I am a father, husband, son, brother, friend and professor. I am American. But I am also a Palestinian, a Lebanese and a Muslim. These many identities have been particularly salient to me as I have watched the continuing popular uprisings in the Middle East. Our six-year-old Leila and four-year-old Rania are too young to fully grasp what is happening, despite the efforts of me and my wife, Tammy, to explain the events at their most basic level — “People in places have been treated unfairly for a very long time. They want to be treated fairly.” In the spirit of creating learning moments we add — “It takes a lot of courage for them to speak up because some people are trying to stop them by doing hurtful things. We want to give you the courage to speak up when you’re treated unfairly or in a mean way.”
[media-credit name=”Ian Sanders” align=”alignleft” width=”250″][/media-credit]Upon reflection, it really is as simple as that. But these events have also taught me many things while reminding me of others. Although our children are too young today, they won’t be tomorrow. And with that in mind, here is what I will say about what this moment in history has shown me:
1. You can make a change. In the most destitute of situations — when it seems as though everyone and everything is working against you, when the barriers seem insurmountable and when change is far out of reach — know that change is achievable, and pursue it. Don’t wait for it to happen. It is not magical like that.
2. Resist oppression, whether it is from a friend, partner, society or stranger. Whether it is tyranny against you or against others, resist it. The longer you stand silent in its face, the more difficult it is to break its stare. It is magical like that.
3. Believe in possibility. Believe in yourself and your ability. Believe in others and their ability, even when they may not see the talents within themselves. Help them see the possibilities they bring.
4. You have it in you to empower others — millions of others. Act courageously and someone will be watching. That person will gain courage from you and will act in a similar way. Someone else will be watching that person and might move the world. That movement would have been impossible without you.
5. Strength comes from community. Build and cherish relationships within your communities. Those bonds will return emotional, personal and spiritual riches to you 100-fold, and in the most unexpected ways and times.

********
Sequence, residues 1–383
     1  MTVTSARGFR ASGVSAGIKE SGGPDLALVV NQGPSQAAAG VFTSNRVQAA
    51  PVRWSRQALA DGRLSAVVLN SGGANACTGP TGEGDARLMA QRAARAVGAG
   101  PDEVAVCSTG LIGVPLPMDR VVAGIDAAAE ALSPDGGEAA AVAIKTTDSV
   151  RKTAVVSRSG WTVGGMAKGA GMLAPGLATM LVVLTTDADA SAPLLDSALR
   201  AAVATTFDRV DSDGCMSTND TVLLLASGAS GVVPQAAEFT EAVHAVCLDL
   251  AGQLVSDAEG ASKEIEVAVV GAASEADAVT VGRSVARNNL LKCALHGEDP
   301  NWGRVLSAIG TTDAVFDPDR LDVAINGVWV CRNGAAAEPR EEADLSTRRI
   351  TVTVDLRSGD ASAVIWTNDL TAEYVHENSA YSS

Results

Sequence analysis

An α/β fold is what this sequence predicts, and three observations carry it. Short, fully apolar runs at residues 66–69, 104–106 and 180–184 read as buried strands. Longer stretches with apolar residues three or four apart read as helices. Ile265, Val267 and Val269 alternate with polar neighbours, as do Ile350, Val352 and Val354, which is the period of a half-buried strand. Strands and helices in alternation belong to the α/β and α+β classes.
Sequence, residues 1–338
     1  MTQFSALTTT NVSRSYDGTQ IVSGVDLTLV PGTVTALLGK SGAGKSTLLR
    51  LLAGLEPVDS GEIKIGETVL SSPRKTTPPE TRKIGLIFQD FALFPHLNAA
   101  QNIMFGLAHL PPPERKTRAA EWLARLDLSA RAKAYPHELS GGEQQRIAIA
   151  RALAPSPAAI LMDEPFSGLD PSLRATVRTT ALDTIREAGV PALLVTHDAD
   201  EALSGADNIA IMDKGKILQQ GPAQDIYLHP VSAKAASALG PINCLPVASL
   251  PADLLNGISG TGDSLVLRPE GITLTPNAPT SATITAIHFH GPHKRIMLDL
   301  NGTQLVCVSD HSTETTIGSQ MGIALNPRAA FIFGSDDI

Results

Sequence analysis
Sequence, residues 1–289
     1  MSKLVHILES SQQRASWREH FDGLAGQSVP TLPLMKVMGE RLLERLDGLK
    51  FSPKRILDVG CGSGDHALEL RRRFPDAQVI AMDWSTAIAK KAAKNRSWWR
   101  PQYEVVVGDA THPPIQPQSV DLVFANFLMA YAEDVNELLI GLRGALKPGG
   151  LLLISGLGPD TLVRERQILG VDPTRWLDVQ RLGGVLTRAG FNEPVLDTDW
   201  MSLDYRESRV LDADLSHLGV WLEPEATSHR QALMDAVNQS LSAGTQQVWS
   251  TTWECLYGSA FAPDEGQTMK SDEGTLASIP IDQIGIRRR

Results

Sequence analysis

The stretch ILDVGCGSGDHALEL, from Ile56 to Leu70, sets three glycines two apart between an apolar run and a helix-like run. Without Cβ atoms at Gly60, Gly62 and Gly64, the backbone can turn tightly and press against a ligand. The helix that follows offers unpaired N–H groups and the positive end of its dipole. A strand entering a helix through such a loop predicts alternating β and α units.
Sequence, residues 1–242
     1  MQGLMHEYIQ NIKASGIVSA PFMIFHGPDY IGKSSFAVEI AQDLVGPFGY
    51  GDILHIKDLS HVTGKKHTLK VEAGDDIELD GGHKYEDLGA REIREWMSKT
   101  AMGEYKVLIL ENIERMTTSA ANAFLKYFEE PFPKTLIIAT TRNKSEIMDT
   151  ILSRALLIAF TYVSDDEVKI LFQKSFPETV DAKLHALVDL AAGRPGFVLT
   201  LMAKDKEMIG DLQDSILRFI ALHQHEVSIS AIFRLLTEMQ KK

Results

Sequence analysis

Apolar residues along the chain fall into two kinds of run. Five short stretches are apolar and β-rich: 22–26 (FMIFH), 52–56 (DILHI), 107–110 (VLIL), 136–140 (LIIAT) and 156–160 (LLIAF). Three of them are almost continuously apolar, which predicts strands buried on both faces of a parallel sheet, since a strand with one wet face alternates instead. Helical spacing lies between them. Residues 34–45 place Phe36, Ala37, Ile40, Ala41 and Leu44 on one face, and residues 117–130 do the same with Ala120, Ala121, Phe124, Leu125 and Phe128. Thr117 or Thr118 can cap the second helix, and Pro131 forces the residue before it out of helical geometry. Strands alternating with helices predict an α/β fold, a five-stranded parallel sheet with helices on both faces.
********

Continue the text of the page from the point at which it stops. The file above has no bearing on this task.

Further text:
6. A commitment to non-violence is not weakness. In fact, it takes incredible strength. Know the difference between a commitment to non-violence and the right to self-defense.
7. Be willing to struggle for your culture and what it stands for. Approach it with your eyes open. Know the sacrifice it takes, and learn what it means to be patriotic. Resist those who say it requires silence or blind support.
8. Whatever religious position you take, never pursue it blindly. Develop and hold those beliefs with care, and release them if they encourage you to judge others. Your religious beliefs don’t make you any better (or worse) than anyone else.
9. Be proud of your Arab identity. Be proud of our innovations and passion. Be proud of our communities and our resilience. Be proud of our revolutions.
10. Throughout life, you will encounter many people who, often due to no fault of their own, are misinformed about aspects of your cultural and religious identities. Many are thirsty for knowledge. Remember, you can make change.
These reflections are simple. They are first and foremost statements of the human condition, but the ongoing popular uprisings in the Middle East, like others before them throughout the world, bring absolute clarity — Our lives are ultimately dependent on the basic foundations of what it means to be human, and we ultimately rely on the leadership of our children.
There’s a reason all of the Islamic world’s freedoms are stunted. Here it is: The only way for the people of the Middle East (all of Islam for that matter) to experience true democracy is to free themselves from the shackles of Islam. Islam and democracy are incompatible and anyone who says Indonesia is an example they are simply showing just how dire Islamic democracies are. Saudi Arabia, Yemen, Jordan, Oman, Syria, Lebanon, Sudan, Mauritania, Niger, Algeria, Somalia, Iraq, Iran, Afghanistan, Pakistan, Bangladesh, Kirgizstan, etc… Name one country from this or any list of Islamic dominated countries where one can… Read more »
“Name one country from this or any list of Islamic dominated countries where one can freely criticize Islam, convert from Islam, proselytize for any other religion, draw pictures of Mohammed, criticize Saudi Arabia, openly practice homosexuality or Judaism, be a free woman with all this implies.” Bosnia. The anti-democratic, anti-liberal facts you point to in majority-Muslim countries are cultural problems, not really religious ones. Most of the Islamic world is culturally very conservative, as was the Christian world 200 and more years ago. In Italy or Russia or Portgual or most anywhere in Christian Europe in the 1700s and before,… Read more »
I want to point out my love for your kindness supporting people that actually need help on this important subject. Your personal commitment to passing the message around turned out to be wonderfully advantageous and has truly made workers just like me to achieve their dreams. Your amazing important guideline can mean a whole lot a person like me and even more to my fellow workers. With thanks; from all of us.
April, Thank you. What a sweet note.